Scientists investigating bird flu outbreak in northern Bangladesh crows

The government has deployed a large team of scientists who work on humans and animals, livestock experts, and anthropologists to northern Rajshahi district after an outbreak of highly pathogenic avian influenza has been found in crows.

Nurul Islam
Published : 18 Feb 2016, 03:04 PM
Updated : 18 Feb 2016, 07:15 PM

Director Prof Mahmudur Rahman of the government’s disease monitoring arm, IEDCR, told that the team started got down to business on Wednesday.
He said the team rushed to the spot after laboratory testing confirmed the crows had H5N1 avian influenza, which is commonly known as bird flu.
The testing followed the reports of unusual deaths of crows at the premises of Rajshahi Medical College Hospital.

File Photo

Bangladesh first detected the H5N1 virus in poultry in 2007. Thousands of poultry birds were culled.
The rate of reported poultry outbreaks from across the country declined after the government stopped compensation scheme.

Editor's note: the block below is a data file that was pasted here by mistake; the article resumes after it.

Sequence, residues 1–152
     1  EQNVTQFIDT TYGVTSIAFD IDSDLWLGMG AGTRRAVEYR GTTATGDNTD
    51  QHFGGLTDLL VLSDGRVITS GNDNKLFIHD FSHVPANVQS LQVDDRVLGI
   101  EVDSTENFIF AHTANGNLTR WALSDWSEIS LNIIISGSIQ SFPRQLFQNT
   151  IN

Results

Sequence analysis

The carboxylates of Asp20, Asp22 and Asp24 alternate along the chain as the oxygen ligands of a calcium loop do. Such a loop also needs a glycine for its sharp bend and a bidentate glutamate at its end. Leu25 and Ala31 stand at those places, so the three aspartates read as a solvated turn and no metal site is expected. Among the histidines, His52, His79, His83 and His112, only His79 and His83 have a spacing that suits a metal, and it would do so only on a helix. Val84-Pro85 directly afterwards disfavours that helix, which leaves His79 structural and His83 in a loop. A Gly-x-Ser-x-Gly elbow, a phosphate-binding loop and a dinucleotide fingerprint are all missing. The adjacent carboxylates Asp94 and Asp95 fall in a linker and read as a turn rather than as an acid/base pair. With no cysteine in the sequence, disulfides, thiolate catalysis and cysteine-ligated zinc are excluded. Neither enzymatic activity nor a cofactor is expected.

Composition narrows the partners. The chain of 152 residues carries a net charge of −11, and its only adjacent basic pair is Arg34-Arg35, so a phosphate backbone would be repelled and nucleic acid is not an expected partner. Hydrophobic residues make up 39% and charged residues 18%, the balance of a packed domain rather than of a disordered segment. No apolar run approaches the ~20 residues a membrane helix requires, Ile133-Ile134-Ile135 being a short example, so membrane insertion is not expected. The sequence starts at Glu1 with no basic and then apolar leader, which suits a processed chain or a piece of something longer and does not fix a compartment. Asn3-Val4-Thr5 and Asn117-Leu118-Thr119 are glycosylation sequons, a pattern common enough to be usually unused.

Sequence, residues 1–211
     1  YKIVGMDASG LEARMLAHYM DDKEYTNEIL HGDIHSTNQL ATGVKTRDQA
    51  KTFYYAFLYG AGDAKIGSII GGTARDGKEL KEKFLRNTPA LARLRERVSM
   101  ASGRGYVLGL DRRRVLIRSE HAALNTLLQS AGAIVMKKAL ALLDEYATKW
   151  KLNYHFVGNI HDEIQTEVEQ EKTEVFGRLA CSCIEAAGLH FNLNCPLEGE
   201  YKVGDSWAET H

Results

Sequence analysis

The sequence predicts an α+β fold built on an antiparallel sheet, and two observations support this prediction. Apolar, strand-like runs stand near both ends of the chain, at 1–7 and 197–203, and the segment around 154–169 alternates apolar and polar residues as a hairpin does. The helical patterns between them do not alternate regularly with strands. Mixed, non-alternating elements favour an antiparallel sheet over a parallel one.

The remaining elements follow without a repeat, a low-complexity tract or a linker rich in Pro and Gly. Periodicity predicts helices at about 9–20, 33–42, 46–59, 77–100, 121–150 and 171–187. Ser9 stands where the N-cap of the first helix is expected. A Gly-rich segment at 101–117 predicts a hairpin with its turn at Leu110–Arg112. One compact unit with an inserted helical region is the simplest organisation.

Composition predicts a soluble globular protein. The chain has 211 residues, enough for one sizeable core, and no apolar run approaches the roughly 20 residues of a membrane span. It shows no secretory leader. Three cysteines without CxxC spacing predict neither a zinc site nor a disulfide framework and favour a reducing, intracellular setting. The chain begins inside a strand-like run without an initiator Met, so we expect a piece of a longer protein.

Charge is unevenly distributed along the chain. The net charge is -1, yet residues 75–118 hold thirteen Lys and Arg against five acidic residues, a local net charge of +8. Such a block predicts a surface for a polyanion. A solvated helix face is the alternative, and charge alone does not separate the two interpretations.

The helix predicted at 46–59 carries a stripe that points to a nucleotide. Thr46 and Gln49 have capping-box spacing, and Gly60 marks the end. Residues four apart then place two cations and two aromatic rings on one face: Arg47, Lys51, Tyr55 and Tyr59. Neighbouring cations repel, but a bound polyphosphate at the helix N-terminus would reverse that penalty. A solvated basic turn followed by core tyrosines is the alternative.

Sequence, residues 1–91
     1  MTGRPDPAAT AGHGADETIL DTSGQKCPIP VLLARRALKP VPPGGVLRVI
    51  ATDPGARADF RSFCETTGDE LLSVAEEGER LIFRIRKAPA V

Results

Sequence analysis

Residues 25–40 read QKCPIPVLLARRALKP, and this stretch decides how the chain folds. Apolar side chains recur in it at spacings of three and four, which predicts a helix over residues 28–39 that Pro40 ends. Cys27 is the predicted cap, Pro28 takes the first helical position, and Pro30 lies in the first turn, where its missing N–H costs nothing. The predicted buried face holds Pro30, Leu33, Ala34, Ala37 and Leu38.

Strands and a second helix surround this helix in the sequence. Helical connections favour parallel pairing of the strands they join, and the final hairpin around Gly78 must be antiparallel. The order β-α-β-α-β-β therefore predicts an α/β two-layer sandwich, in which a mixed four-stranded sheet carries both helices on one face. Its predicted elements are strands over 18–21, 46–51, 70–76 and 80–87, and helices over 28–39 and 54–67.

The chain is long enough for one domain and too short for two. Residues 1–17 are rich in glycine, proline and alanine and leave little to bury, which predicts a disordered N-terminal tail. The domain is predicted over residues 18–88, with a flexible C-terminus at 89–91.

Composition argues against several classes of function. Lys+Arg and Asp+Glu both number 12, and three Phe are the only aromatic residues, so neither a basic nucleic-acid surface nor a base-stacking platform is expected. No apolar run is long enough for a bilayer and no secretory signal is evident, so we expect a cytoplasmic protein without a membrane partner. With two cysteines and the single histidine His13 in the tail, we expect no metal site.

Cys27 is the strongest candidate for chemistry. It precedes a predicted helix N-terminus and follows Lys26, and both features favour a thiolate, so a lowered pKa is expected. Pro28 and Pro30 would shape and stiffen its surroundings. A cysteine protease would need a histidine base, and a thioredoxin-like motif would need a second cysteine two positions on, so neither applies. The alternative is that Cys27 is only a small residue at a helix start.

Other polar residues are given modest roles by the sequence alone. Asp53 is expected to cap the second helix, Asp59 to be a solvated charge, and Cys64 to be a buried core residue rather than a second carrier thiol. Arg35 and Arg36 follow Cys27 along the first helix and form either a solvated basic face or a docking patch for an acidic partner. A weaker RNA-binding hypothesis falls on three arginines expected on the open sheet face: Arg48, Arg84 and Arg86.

Globally, this is highly fatal in human, but in Bangladesh the circulating strain is ‘mild’. It killed one child and infected another eight people since 2008 when the first human case was detected in Bangladesh.
But the World Health Organization still considers this virus as a global “pandemic threat”, and suggests countries remain on alert.

One health approach

Prof Rahman said the team in Rajshahi will trace how the crows contracted the virus, and also look into any human infections.

“We assume it comes (to crows) from the poultry. Crows eat waste and people sometimes litter dead poultry just anywhere.

“And that’s why we have taken ‘one health’ approach in which all departments will work together,” he said.

The department of human health, animal health, livestock, IEDCR, icddr,B, and EcoHealth Alliance are all part of the investigation process, he said.

Virologist Dr ASM Alamgir, who used to work with WHO’s pandemic influenza surveillance and response department, said the virus was very much circulating in Bangladesh’s poultry.

“It’s likely that the crows got it from the poultry,” he told

“Now we have to focus on proper disposal of dead crows. People have to be alerted so that they don’t handle dead crows. This is important for infection control.”

Earlier in 2009 and 2011, such kind of outbreaks in crows were found in Dhamrai and Dhaka.

Four flu viruses including the avian influenza and the H1N1, which is known as swine flu, are circulating in Bangladesh.

But swine flu, after the 2009 outbreak, became a “seasonal influenza” (H1N1) in Bangladesh like the other two viruses – influenza B and H3, and is no longer a major threat, according to the IEDCR.

Toufique Imrose Khalidi
Editor-in-Chief and Publisher